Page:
Search Results for Tag: Oil
Arctic hot topic in icy Tromso
It’s standing room only for anyone who came a bit late to the opening of Arctic Frontiers this morning. This event has become huge. The organisers say there will be around a thousand participants and plenty of journalists. When I first came here six years ago, the number of journalists was minimal. Now the Arctic has moved up to the top of the international agenda because of climate change and easier access.
Politicians, scientists, diplomats, think tanks, participants from all round the globe have made the trip to Tromso in the Norwegian Arctic for what has become one of the major events relating to the Arctic.
The Norwegian Fisheries Minister was speaking this morning, the Foreign Minister of Iceland, the Chair of the Arctic Council Senior Officials group Canada’s Patrick Borbey and representatives from the USA and Russia. The UK, Japan and Italy have also been on stage – yes, the Arctic is clearly of relevance to the whole planet.
I will go into more detail later, but for now it must suffice to say they are all stressing their interest in Arctic development while (in theory?) protecting the environment and the human rights and traditional lifestyles of the indigenous peoples at home in this still remote and cold region at the top of the planet. Iceland’s Foreign Minister Gunnar Bragi Sveinsson told me he did not fear commercial development could be outpacing environmental protection. More from that interesting interview another time.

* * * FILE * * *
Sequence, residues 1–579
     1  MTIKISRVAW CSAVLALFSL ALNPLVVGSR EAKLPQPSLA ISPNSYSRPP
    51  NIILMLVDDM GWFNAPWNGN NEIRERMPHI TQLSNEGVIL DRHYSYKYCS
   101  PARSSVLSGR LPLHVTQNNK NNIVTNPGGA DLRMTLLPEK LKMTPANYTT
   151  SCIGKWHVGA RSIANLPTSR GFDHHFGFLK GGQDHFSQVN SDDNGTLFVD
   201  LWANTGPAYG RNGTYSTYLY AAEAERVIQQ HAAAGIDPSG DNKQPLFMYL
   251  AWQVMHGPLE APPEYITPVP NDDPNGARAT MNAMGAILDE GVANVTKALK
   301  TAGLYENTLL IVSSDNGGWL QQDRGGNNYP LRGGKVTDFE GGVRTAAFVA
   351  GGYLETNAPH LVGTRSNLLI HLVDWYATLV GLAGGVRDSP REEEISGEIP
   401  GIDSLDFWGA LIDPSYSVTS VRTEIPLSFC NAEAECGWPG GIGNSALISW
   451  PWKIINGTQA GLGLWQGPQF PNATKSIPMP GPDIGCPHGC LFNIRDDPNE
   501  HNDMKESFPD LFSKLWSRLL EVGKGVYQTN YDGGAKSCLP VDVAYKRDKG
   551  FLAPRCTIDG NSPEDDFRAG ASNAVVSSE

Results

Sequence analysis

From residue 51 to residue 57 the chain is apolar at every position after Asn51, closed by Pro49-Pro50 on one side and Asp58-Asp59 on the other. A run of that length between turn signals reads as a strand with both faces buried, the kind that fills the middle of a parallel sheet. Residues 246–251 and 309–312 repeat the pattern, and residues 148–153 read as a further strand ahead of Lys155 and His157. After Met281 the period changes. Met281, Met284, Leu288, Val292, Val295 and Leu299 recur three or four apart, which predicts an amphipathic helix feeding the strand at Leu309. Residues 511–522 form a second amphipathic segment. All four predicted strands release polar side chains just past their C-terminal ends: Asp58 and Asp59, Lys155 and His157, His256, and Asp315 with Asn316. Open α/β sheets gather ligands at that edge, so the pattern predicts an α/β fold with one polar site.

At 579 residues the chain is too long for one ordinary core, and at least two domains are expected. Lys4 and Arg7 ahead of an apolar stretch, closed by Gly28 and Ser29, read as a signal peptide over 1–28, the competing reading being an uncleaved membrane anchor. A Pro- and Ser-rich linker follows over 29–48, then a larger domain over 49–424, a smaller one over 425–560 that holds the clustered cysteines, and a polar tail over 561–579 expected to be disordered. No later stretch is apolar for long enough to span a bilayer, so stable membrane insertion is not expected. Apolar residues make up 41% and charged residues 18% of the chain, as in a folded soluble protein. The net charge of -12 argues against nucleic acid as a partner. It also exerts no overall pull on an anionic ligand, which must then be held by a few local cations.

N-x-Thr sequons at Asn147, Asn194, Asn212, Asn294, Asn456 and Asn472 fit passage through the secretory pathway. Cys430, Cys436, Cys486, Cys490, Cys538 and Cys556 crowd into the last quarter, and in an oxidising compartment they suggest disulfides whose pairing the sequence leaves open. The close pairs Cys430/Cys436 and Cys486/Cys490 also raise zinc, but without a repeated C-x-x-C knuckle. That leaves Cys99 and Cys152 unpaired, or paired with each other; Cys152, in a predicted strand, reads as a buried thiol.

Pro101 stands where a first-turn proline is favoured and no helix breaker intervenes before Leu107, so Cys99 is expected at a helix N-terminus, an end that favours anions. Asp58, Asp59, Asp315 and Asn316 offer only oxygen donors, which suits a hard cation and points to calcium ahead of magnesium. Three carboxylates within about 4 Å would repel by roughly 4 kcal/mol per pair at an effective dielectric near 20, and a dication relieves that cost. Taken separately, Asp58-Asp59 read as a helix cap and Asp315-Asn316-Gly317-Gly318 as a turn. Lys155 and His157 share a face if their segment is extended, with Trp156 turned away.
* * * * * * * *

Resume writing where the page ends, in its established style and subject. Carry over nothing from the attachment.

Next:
The Russian “Ambassador at Large” for the Arctic Anton Vasilev talked a lot about Russia’s interest in peaceful development and keeping military conflict out of the Arctic. Some of the participants were discussing at lunch how this fits the upsurge in military activity up there and the planting of the polar flag expedition, with both Russia and Canada claiming sovereignty.
This afternoon Statoil and other players are talking about oil and gas development. An interesting subject. Forgive me if I stop here to listen on. The debate is livening up with a question by a Sami participant to the Director General of the Norwegian Shipowners’ Association Sturla Henriksen. She’s asking (and she’s not alone) whether it wouldn’t be better to invest in new technologies and find ways of reducing emissions to halt the climate change which is causing problems for so many indigenous people in the Arctic. He says he respects indigenous traditions, but stresses shorter shipping routes for instance would benefit wider society in general.